Dayton assistant: Our mantra is 'advance'
Posted March 28
Every March an underdog is born but the Dayton Flyers aren't crediting their NCAA ride to a fairy tale.
"Our mantra is advance. [Head coach Archie Miller] preaches advance. I don’t think we questioned it," full-time graduate assistant and former NC State basketball player Simon Harris said Friday.
In three years Miller, who also took the court as a successful college player at North Carolina State, has taken a 26-10, 10-6 in the Atlantic 10, squad to the Elite Eight.
"In January people were counting us out," said Harris. "But we don’t care what the name is on the jersey. We have 13 guys that are ready to attack. We run our system. Defensively we teach the same principals. We practice the same way. The level of competition is different but at the end of the day basketball is basketball."
And it's their game of basketball that upset Ohio State in the second round, Syracuse in the round of 32 and Stanford in the Sweet Sixteen.
"Ohio State was special for the guys because the majority of the team is from Ohio," said Harris. "That’s the school. That’s the team; it’s bigger than the Browns or Cavs out there."
And Syracuse was special for Dayton assistant coach Alan Griffin who played on four NCAA tournament teams for Jim Boeheim until he graduated 2001.
"It’s been crazy, you expect things but it’s always big when the guys buy in and do it, these guys are working their butts off," said Harris.
Harris said the team isn't thrown off by the big stage, the increased media obligations or the strict schedule of events.
"Knock out your media responsibility and get back to basketball," said Harris. "America’s watching now and the guys take it in stride and play. It’s actually pretty cool."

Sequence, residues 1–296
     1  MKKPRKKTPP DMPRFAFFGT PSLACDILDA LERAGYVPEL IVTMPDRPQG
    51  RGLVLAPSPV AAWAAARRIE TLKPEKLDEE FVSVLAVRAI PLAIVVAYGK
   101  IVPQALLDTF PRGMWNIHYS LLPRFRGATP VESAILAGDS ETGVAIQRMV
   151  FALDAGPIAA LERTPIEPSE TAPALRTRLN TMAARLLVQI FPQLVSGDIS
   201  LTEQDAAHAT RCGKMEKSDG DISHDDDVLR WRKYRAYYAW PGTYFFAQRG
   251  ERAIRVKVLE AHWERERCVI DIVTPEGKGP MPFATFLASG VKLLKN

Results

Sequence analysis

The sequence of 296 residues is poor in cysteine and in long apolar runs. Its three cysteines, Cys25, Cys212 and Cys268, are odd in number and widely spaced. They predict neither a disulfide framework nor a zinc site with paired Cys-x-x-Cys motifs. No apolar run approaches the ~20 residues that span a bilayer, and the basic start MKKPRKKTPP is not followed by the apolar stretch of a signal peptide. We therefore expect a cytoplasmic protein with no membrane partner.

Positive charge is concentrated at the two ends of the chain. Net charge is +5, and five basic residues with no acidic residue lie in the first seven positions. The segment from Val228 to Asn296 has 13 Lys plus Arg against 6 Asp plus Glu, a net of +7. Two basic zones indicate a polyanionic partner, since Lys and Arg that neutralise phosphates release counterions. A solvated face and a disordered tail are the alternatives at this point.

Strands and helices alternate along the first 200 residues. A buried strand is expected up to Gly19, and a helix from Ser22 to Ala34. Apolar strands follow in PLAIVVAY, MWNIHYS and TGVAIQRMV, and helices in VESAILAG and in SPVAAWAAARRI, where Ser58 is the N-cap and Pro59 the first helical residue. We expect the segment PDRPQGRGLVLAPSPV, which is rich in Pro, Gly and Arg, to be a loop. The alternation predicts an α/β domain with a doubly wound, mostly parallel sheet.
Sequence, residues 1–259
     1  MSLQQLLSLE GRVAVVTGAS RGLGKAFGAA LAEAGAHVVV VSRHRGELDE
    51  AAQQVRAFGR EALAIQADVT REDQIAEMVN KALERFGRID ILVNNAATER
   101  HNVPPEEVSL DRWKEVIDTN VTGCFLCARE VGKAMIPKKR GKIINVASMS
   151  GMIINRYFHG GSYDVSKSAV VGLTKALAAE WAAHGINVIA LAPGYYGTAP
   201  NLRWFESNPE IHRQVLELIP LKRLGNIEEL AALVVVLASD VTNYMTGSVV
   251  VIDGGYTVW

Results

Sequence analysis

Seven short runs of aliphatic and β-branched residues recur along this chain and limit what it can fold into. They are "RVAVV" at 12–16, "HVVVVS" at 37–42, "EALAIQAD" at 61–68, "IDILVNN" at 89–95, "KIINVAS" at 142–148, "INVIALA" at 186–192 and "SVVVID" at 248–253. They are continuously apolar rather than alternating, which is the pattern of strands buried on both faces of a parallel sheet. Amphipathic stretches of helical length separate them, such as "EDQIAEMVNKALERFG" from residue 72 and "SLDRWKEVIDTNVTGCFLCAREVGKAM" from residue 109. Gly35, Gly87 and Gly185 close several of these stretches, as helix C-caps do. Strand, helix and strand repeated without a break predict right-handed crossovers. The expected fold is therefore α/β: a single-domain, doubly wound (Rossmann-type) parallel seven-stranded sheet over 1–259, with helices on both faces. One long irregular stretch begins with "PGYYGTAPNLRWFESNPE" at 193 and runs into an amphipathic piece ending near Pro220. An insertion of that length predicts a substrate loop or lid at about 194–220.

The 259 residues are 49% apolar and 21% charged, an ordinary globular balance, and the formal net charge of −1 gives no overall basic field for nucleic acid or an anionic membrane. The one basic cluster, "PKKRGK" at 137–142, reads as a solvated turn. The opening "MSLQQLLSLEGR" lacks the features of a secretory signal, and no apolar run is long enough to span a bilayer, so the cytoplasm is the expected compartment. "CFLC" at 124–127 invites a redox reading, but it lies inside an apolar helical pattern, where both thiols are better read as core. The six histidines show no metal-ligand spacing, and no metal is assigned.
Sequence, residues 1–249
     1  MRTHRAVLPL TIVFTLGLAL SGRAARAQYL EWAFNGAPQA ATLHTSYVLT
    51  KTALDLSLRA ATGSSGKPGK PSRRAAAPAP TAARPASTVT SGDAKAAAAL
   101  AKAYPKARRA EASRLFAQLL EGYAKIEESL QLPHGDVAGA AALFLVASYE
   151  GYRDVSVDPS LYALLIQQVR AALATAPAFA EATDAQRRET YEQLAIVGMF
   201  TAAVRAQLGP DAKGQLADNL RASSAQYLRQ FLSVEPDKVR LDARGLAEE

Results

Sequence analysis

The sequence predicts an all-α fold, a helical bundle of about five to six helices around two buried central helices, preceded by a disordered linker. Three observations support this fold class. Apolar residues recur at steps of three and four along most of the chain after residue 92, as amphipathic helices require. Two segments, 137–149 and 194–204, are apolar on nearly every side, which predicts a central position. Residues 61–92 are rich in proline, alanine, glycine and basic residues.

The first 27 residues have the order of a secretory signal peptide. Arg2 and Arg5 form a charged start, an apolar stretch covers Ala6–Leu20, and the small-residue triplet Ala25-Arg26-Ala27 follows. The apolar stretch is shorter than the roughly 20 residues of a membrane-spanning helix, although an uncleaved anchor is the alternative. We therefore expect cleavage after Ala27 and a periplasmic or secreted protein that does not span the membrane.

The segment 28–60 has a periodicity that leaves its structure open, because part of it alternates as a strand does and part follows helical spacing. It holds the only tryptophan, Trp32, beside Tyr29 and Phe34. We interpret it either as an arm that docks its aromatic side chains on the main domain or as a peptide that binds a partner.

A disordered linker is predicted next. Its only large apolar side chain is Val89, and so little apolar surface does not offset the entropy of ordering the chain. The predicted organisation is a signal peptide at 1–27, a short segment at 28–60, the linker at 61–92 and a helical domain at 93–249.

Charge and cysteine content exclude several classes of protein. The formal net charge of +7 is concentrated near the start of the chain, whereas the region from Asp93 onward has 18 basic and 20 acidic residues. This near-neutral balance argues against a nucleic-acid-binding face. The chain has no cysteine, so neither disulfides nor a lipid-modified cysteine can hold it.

Miller has brought in all but two players on the current squad and under his lead they have become the epitome of 'team'.
"The cohesiveness and togetherness they have is amazing they spend every moment together. It’s startling to see," said Harris. "They literally band together like I’ve never seen a team do before. When they get on the court the guys trust each other."
Harris himself landed at Dayton in an instant, after a short time playing oversees, signing with the Cowboys and a marketing career in Raleigh.
"Arch called me when he got the job and asked me if I wanted to come coach, I didn’t even have to think about it, I said yes," said Harris. "It’s been a lifelong dream of mine to coach in the NCAA. It’s unbelievable that Arch gave me the opportunity at this age.
"It’s been fast, Arch gives me so much freedom and respect. I drove from Raleigh to Dayton and he told me that day in his office ‘I want to groom you into what a good assistant is and what a good assistant does'. He’s really taken care of me and given me an amazing opportunity."
And as far as Archie goes, Harris said he's there for the long haul.
"Since day one he said he wanted to build a program at Dayton," said Harris. "The administration has backed him since day one. He loves the community."